• Today in Labor History
    Dec. 15, 1967: The U.S. Age Discrimination in Employment Act becomes law. It bars employment discrimination against anyone aged 40 or older.
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  • Unions Promise to Probe Acosta, New Trump Labor Sec’ty Nominee
    Updated On: Feb 17, 2017

    By Mark Gruenberg
    PAI Staff Writer

    WASHINGTON (PAI) — Leaders of the AFL-CIO and the Service Employees promised to rigorously probe the record of Alexander Acosta, dean of a Florida law school and chairman of a South Florida bank, who is GOP President Donald Trump’s new nominee for Secretary of Labor. 

    Acosta is also a former Republican named National Labor Relations Board member. Trump announced his nod for Acosta, 46, who is also a former U.S. attorney for Miami and law clerk for conservative U.S. Supreme Court Justice Samuel Alito, before Alito joined that court, on Feb. 16.

    Trump named Acosta barely 24 hours after the president’s first choice, fast food executive Andrew Puzder, withdrew in the face of certain Senate defeat. Workers, unions and their allies exposed his bad record on workers’ rights, the minimum wage, overtime pay, safety and health violations and wage theft at his restaurants and sexism in the firms’ ads.

    Unions celebrated Puzder’s withdrawal with an early-morning rally near the Capitol. Later, they had cautious reactions to Acosta. But ThinkProgress, a progressive blog, raised questions about Acosta’s record in George W. Bush’s Justice Department’s civil rights division.

    For his part, Trump, meeting earlier with the self-named Trump Caucus of lawmakers, called Acosta, “a star, a great person, a great person.”

    “Working people changed the game on this nomination. Unlike Andy Puzder, Alexander Acosta’s nomination deserves serious consideration. In one day, we’ve gone from a fast-food CEO who routinely violates labor law to a public servant with experience enforcing it,” AFL-CIO President Richard Trumka said.

    “We will of course review Mr. Acosta’s record as thoroughly as we did the previous nominee’s. Mr. Acosta will have to answer tough questions and explain how he will enforce and uphold labor laws to benefit working people and not further tilt the balance of power toward corporate CEOs.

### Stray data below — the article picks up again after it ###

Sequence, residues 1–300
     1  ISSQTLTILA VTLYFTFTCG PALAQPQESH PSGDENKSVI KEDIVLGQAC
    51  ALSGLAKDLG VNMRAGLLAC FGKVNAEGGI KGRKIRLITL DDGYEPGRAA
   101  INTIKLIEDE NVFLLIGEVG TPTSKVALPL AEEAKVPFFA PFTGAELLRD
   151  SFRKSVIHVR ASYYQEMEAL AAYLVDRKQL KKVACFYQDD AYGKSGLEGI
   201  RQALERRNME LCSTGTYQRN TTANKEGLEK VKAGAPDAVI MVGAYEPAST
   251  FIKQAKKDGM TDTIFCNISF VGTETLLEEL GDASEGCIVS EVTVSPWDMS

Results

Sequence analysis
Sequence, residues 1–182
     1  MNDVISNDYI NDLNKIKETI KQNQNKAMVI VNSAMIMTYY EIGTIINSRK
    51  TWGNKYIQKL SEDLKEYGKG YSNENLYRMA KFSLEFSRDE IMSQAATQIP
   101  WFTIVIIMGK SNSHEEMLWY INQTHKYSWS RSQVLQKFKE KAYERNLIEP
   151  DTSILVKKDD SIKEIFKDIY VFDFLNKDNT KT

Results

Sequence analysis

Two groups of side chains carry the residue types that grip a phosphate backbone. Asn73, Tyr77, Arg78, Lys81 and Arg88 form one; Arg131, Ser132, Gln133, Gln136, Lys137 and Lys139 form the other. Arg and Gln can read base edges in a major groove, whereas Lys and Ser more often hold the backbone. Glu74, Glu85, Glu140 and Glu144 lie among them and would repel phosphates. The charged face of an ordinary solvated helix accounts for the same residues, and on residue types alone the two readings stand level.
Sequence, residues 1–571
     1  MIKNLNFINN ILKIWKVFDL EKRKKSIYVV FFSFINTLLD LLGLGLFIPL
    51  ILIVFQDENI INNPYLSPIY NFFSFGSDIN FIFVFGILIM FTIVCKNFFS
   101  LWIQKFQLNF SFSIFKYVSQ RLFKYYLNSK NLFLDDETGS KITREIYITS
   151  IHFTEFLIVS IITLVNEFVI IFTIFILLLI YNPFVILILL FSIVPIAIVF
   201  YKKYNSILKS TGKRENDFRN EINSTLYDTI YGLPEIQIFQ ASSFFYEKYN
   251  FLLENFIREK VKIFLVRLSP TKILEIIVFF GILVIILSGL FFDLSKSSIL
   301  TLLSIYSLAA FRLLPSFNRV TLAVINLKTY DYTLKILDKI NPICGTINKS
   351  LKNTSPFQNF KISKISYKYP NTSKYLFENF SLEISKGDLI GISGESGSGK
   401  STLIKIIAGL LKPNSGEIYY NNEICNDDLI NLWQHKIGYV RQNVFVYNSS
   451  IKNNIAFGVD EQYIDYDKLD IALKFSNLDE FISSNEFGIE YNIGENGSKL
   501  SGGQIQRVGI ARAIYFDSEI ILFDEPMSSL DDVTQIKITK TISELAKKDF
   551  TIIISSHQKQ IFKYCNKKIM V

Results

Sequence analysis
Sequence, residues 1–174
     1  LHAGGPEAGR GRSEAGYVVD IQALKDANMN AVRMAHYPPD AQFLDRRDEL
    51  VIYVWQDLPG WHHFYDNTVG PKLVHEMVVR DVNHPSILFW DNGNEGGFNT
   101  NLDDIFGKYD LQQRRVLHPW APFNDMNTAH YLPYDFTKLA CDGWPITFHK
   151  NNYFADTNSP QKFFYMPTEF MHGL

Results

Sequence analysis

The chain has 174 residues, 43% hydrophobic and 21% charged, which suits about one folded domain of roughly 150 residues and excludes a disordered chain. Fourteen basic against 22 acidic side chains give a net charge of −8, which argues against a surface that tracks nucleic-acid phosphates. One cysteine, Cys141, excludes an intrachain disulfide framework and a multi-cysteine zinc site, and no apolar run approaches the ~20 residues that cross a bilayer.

“The Labor Secretary is not just another Cabinet member. His or her actions directly impact our wages, safety, and rights on the job every single day. We will judge this nominee by the commitment he shows to making life better for working people,” Trumka added.

    “Working people are still in this fight for an economy and political system that works for all of our families and where hard work means our families can get ahead,” added Service Employees President Mary Kay Henry. “This is the lens through which we will examine” Acosta’s record.

    “Workers will stay in the streets to demand a Labor Secretary who is a champion for working people and fights to represent their interests in our economy,” Henry promised. The Puzder nomination drew mass protests, including from his own fast food chains’ workers.

    ThinkProgress said the real problem with Acosta, who if confirmed would be the sole Hispanic-American in Trump’s Cabinet, is not with Acosta’s 125 written opinions in a 14-month stint as an NLRB member, but with his Civil Rights Division record.

    ThinkProgress reported Acosta led the division from 2003-2005, at a time when another senior division official, Bradley Schlozman, used his hiring authority to slant the division staff by picking attorneys from lists submitted or analyzed, by right-wing groups.

    Acosta denied he knew what Schlozman was doing, as Schlozman “hired conservative lawyers hostile to the CRD’s mission, purging the agency of people who believed in the work it exists to do,” ThinkProgress said. “Schlozman’s ploy did long-lasting damage to federal work on voting rights violations, police abuse, and other assaults on Americans’ rights.”

     But other DOJ staffers from that era complained directly to Acosta about Schlozman’s activities, according to the Justice Department’s Inspector General. And Acosta told the IG “he became more concerned about Schlozman’s judgment…as a result of discussions Acosta had with retiring Voting Section Chief Joseph Rich about Schlozman’s management. Yet, Acosta took no action to alert those in his chain of command,” the report found.   

    Acosta left the division but didn’t report his suspicions until 2007, after several Republican senators raised the roof over the slanted hiring in the division and among U.S. attorneys. ThinkProgress also reported Acosta was involved tangentially in GOP efforts to suppress the minority vote in the 2004 presidential election in Ohio.


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